Transcribed from "An Illustrated History of The Big Bend Country, embracing
Lincoln, Douglas, Adams and Franklin counties, State of Washington",
published by Western Historical Publishing Co., 1904.
GUSTAVE PLIGER was born in Detmold,
Germany, November 16, 1855, was a member of a family of six children, and
at the age of fourteen was thrown upon his own resources for a livelihood.
Prior to that time he had acquired some education in the common schools
and immediately after learned the shoemaker's trade, which had been the
vocation of his father. He followed his trade in Germany until coming
to America in 1883, when he located first in Chicago and later in southern
Illinois, where he made shoes and farmed until removing to Iowa in 1885.
In that state he located first at Rockwill City where he followed shoemaking,
and also operated a farm near by. In 1889 he came to his present
location one mile east of Paha and filed a homestead. Owing to times
being hard he was compelled to do some outside work in order to support
his family and improve his claim, so he spent the following seven years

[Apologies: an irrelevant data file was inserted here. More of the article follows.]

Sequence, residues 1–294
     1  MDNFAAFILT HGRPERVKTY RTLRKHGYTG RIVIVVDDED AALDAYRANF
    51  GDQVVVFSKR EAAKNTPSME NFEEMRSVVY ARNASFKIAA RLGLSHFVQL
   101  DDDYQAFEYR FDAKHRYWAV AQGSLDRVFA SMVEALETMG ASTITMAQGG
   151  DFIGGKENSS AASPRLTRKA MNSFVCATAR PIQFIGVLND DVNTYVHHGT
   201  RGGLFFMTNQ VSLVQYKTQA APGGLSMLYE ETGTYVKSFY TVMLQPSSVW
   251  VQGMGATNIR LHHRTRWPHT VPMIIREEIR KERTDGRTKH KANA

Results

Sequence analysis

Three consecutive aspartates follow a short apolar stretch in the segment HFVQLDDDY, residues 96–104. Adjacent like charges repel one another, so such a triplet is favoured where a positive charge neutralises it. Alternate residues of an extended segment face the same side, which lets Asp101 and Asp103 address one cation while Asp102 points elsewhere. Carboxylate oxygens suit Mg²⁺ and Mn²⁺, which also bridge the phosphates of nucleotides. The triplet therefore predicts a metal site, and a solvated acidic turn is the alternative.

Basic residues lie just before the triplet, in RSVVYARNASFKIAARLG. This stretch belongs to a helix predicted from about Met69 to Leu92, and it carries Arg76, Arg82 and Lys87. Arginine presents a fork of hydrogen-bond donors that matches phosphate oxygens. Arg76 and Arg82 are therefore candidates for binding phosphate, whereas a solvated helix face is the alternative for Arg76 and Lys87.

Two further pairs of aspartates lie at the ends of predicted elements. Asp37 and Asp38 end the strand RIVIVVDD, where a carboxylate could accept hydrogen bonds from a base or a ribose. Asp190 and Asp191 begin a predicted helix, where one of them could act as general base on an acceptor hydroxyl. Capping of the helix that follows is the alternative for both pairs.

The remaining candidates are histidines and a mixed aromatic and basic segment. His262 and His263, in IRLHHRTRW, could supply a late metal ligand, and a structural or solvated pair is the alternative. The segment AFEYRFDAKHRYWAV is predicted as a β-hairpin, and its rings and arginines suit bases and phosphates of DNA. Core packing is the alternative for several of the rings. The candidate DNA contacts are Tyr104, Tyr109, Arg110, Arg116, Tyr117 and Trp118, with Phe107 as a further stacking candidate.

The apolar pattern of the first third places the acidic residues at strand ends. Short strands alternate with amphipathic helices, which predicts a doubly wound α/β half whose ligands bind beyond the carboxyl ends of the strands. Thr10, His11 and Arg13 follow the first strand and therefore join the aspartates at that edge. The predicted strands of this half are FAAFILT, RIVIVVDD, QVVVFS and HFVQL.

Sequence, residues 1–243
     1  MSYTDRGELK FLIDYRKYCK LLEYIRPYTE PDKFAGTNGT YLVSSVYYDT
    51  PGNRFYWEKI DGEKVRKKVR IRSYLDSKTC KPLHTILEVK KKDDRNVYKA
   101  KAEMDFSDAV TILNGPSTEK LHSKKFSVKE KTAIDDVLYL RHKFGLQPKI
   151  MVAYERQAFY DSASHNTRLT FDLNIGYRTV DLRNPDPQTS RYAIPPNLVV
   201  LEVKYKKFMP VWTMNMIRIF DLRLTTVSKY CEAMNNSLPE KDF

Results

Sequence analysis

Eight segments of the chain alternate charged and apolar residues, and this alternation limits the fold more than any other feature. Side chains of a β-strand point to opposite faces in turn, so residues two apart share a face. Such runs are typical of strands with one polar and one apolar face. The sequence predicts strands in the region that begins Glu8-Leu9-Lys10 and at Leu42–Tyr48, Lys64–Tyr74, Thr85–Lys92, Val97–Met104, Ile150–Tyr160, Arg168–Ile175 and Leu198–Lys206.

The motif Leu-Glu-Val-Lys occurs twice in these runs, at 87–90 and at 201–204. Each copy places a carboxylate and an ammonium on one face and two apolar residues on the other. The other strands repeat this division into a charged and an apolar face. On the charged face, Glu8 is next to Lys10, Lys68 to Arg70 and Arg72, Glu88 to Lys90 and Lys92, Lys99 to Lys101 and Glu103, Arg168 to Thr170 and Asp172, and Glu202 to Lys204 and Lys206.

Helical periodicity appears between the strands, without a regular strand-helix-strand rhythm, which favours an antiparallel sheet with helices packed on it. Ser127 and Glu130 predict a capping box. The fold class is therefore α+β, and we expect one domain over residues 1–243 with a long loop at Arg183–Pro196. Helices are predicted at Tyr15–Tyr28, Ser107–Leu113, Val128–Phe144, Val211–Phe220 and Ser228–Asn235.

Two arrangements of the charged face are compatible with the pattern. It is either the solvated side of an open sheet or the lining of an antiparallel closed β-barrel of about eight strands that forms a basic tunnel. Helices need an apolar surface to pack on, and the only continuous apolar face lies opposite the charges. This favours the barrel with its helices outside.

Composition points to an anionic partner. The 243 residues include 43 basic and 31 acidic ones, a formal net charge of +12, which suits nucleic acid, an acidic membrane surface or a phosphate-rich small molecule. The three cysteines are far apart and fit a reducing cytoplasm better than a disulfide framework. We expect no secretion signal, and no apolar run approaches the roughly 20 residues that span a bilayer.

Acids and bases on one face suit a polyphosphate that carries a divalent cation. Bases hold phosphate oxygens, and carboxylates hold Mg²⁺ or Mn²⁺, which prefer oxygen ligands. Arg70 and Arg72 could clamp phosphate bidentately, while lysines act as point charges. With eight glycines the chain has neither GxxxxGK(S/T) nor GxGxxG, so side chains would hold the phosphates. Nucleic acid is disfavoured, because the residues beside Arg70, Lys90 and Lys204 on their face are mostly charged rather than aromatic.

employed most of the time by the Northern Pacific railroad. He has
continued since coming here to acquire land as he became able to do so,
so that now he has three thousand acres, two thousand of which are in wheat
and the balance he uses for pasture for his stock, of which he has one
hundred and fifty horses and twenty-five cattle. All of his land
is under fence and his buildings are among the best to be found on any
Big Bend farm.
Mr. Pliger is the son of Adolph and Lena (Erkman)
Pliger, both of whom were born and both died in Germany.
In 1882 Gustave Pliger was married to Pauline
Busser, daughter of Henry and Caroline (Coffer) Busser, native Germans.
Her father was a surveyor for the German government, and her grandfather
was a soldier in the Russian war of 1806. Her family numbered four
children. To this union have been born six children, Lena, Freda,
Gustave, Mary, Rudolph and Paul.
Mr. and Mrs. Pliger are members of the Lutheran
church. In politics Mr. Pliger is an independent voter, casting his
ballot for the man of his choice regardless of the candidate's political
creed. He has repeatedly held office on his local school
In November, 1902, in company with his daughter
Mary, Mr. Pliger went on a prolonged visit to his old German home, returning
the following year, leaving the daughter in the old country to return later.